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From "Bogdan Drozdowski (JIRA)" <j...@apache.org>
Subject [jira] Commented: (NET-326) A KeyManager is required when the protection level is set to 'P' with FTPSClient on active mode
Date Thu, 10 Mar 2011 15:17:59 GMT

    [ https://issues.apache.org/jira/browse/NET-326?page=com.atlassian.jira.plugin.system.issuetabpanels:comment-tabpanel&focusedCommentId=13005100#comment-13005100
] 

Bogdan Drozdowski commented on NET-326:
---------------------------------------

Terence, you didn't show us:
* your code
* the way you're running your code
* the server's configuration.

Since you're saying that a KeyManager is required, I'm guessing that the FTP server connecting
to you in active mode as a "client" requires you to provide your certificate/key. Since there's
no default certificate, the connection fails. If this is true, then to reproduce this (if
anyone's interested):
* install vsftpd (the easiest, I guess) and set in the config file:
** require_ssl_reuse=no
** ssl_enable=yes
** ssl_sslv3=yes
** ssl_tlsv1=yes
** rsa_cert_file=/path/to/your_certificate_and_key_file
** ssl_request_cert=yes
** require_cert=yes
* run the following code:
{code}
FTPSClient c = new FTPSClient ();
c.connect ("127.0.0.1", 21);
c.enterLocalActiveMode();
System.out.println (c.getReplyString());
c.login ("login", "password");

System.out.println (c.getReplyString());
c.execPROT ("P");
System.out.println (c.getReplyString());
String[] names = c.listNames();
{code}

Now, to the point: for this to work automatically, the FTPSClient class would have to have
all the possible key/certificates. Because of the number of these, this is impossible to have.
The solution is the FTPSClient constructor with the SSLContext parameter. A quick search on
the Web (with the errors as the search term) made me produce the following code:
{code}
private static X509TrustManager s_x509TrustManager;
static {
	s_x509TrustManager = new X509TrustManager() {
	public java.security.cert.X509Certificate[] getAcceptedIssuers() {
		return new java.security.cert.X509Certificate[] {}; }
	public boolean isClientTrusted(java.security.cert.X509Certificate[] chain) { return true;
}
	public boolean isServerTrusted(java.security.cert.X509Certificate[] chain) { return true;
}
	public void checkServerTrusted(java.security.cert.X509Certificate[] certificates, String
authType)
	{}
	public void checkClientTrusted(java.security.cert.X509Certificate[] certificates, String
authType) {}
	};
}

private static void testFTPS () throws Exception
{
	SSLContext ctx;
	KeyManagerFactory kmf;
	KeyStore ks;
	char[] passphrase = "aaaaaa".toCharArray();

	ctx = SSLContext.getInstance("TLS");
	kmf = KeyManagerFactory.getInstance("SunX509");
	ks = KeyStore.getInstance("JKS");

	ks.load(new FileInputStream("keystore"), passphrase);

	kmf.init(ks, passphrase);
	ctx.init(kmf.getKeyManagers(), new X509TrustManager[] {s_x509TrustManager}, null);

	FTPSClient c = new FTPSClient (ctx);
	c.connect ("127.0.0.1", 21);
	c.enterLocalActiveMode();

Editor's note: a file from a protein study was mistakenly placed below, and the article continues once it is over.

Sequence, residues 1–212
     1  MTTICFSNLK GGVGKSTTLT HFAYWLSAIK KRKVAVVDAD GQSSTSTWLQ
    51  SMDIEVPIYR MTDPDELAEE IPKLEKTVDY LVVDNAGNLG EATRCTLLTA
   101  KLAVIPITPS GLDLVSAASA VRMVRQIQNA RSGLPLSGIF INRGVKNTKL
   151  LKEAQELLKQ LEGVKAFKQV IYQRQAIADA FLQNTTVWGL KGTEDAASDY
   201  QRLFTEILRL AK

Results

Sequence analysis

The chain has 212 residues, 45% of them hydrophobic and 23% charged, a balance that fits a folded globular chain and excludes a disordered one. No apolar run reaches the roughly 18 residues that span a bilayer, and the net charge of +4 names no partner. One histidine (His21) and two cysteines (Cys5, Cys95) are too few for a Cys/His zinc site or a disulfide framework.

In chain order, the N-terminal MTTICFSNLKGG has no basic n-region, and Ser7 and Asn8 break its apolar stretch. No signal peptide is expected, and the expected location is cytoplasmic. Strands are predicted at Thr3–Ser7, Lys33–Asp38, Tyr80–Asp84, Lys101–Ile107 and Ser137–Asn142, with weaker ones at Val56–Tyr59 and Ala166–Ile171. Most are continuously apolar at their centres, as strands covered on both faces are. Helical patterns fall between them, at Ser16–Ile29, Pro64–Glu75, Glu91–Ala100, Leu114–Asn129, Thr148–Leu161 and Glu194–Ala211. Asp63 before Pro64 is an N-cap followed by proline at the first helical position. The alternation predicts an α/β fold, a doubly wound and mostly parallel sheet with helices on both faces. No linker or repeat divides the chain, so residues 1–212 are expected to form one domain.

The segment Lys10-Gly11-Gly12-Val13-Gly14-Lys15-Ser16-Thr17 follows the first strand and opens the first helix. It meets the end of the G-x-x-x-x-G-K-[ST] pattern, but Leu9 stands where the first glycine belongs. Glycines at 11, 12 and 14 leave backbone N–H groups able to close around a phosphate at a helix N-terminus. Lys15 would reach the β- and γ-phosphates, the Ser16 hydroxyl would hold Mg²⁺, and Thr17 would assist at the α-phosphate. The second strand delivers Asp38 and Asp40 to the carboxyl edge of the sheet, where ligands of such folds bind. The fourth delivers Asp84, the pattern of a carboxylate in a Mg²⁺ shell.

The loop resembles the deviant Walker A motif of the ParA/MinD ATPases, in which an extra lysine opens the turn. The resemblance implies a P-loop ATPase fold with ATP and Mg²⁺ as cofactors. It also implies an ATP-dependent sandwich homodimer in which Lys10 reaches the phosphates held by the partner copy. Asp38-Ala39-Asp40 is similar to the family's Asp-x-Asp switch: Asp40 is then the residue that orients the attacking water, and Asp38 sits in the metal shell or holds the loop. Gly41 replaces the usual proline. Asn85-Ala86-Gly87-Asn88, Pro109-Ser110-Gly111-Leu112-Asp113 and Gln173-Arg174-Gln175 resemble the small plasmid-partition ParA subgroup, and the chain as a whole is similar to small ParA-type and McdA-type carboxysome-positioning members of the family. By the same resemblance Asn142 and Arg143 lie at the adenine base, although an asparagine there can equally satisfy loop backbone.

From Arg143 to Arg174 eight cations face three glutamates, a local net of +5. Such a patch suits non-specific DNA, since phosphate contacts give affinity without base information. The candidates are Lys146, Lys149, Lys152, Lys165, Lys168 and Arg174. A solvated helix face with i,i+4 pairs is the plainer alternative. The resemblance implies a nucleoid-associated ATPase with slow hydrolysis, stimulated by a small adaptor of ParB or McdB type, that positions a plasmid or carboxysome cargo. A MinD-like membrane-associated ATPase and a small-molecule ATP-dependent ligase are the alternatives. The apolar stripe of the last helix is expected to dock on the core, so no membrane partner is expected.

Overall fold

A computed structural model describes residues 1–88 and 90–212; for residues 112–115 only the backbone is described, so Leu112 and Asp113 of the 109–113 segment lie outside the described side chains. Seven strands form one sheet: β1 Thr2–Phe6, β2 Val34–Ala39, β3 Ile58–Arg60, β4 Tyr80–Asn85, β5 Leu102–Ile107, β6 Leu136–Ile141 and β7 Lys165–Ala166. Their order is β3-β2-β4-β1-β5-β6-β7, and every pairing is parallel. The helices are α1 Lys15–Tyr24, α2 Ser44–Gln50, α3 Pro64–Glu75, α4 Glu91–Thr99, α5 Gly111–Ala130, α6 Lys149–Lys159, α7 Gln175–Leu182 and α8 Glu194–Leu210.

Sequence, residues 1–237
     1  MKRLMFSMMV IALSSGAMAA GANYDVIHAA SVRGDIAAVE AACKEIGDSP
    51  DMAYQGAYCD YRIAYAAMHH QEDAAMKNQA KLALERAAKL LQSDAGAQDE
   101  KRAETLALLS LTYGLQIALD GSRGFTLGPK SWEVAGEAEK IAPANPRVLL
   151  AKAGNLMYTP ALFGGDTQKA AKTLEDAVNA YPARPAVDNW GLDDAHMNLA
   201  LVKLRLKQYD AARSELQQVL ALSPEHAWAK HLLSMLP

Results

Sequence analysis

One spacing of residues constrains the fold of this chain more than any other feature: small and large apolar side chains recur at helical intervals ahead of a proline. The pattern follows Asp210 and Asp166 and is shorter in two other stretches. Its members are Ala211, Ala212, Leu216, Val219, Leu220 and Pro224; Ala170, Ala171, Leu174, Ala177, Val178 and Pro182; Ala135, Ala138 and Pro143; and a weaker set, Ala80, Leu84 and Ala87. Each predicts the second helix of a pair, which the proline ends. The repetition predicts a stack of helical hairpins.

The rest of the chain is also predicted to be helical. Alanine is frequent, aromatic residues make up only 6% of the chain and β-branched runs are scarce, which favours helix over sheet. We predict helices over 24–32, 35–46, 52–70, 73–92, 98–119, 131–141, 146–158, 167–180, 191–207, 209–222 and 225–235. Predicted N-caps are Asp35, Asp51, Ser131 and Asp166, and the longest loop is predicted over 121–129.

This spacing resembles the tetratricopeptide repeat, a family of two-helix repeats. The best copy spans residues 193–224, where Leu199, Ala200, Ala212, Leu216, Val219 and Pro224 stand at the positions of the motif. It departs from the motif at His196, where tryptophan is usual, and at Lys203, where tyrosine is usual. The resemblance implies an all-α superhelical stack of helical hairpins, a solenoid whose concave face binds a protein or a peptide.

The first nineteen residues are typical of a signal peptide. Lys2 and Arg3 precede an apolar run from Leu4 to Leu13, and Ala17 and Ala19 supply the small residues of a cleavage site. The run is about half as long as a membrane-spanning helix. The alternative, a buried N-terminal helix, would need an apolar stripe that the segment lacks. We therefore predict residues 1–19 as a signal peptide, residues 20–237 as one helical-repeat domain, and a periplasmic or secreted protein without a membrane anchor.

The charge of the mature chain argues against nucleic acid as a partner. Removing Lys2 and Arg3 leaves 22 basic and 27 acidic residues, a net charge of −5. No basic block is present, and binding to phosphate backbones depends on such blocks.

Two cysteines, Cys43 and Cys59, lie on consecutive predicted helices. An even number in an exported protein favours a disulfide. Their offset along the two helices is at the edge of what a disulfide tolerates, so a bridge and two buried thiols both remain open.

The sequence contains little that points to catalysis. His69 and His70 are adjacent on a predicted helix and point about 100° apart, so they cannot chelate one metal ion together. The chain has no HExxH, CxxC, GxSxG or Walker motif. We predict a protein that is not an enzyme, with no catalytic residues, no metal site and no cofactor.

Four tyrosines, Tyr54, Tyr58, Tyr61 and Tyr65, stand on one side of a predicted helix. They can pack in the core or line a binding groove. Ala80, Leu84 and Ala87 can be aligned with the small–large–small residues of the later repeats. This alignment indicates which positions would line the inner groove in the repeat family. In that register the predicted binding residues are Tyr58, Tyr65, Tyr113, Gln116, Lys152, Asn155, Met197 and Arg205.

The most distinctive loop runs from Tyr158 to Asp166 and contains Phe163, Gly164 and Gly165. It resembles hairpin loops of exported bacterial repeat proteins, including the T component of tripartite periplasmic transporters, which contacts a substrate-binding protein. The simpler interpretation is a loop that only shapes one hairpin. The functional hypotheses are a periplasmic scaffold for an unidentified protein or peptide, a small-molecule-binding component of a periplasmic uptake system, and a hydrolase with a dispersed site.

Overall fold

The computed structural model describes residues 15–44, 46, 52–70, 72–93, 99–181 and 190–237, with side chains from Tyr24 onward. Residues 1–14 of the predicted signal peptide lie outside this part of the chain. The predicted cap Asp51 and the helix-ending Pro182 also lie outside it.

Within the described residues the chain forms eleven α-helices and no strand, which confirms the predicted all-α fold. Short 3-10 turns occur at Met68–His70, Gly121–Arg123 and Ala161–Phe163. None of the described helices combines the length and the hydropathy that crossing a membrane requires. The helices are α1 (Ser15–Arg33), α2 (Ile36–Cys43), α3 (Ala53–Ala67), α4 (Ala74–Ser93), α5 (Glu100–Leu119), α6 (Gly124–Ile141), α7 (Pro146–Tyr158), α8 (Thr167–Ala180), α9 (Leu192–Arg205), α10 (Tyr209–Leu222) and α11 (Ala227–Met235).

System.out.println (c.getReplyString());
	c.login ("login", "password");

	System.out.println (c.getReplyString());
	c.execPROT ("P");
	System.out.println (c.getReplyString());
	String[] names = c.listNames();
}
{code}
This code *works* when connecting to *the same* vsftpd server as before (when the previous
code caused an exception). To run this code, add the following command-line options to "java"
(don't know if still required actually, but won't hurt):
* -Djavax.net.ssl.trustStore=truststore
* -Djavax.net.ssl.trustStorePassword=aaaaaa

Please read the [JSSE Reference Guide|http://download.oracle.com/javase/6/docs/technotes/guides/security/jsse/JSSERefGuide.html],
especially the "Code Examples" section. That's where I got most of the information I needed
(especially about creating the keystores in files: "keystore" used by the code, and "truststore"
used on the command-line). I think that only a certificate for "localhost" is required, but
just in case, I've also added a certificate for my hostname in the keystores.

Furthermore, if there's a KeyManager missing, you can always install your own with the FTPSClient.setKeyManager
method.

> A KeyManager is required when the protection level is set to 'P' with FTPSClient on active
mode
> -----------------------------------------------------------------------------------------------
>
>                 Key: NET-326
>                 URL: https://issues.apache.org/jira/browse/NET-326
>             Project: Commons Net
>          Issue Type: Bug
>          Components: FTP
>    Affects Versions: 2.0
>         Environment: Windows XP profesional service pack 2, Java Java 1.6.0_12-b04 
>            Reporter: Terence Dudouit
>
> Using a simple FTPS client that list a directory, when execPROT("P") is set and the active
mode is on, the following exception is thrown :
> javax.net.ssl.SSLException: No available certificate or key corresponds to the SSL cipher
suites which are enabled.
> 	at com.sun.net.ssl.internal.ssl.SSLServerSocketImpl.checkEnabledSuites(SSLServerSocketImpl.java:303)
> 	at com.sun.net.ssl.internal.ssl.SSLServerSocketImpl.accept(SSLServerSocketImpl.java:253)
> 	at org.apache.commons.net.ftp.FTPClient._openDataConnection_(FTPClient.java:489)
> 	at org.apache.commons.net.ftp.FTPSClient._openDataConnection_(FTPSClient.java:494)
> 	at org.apache.commons.net.ftp.FTPClient.listNames(FTPClient.java:1950)
> 	at org.apache.commons.net.ftp.FTPClient.listNames(FTPClient.java:1996)
> 	at fr.enovacom.eai.actions.dynamiques.protocole.ftp.FTPGet.testFTPS(FTPGet.java:379)
> 	at fr.enovacom.eai.actions.dynamiques.protocole.ftp.FTPGet.main(FTPGet.java:401)
> This doesn't occur on passive mode.
> The only way to make it work is to set a keyManager although there is no need for a client
authentication.

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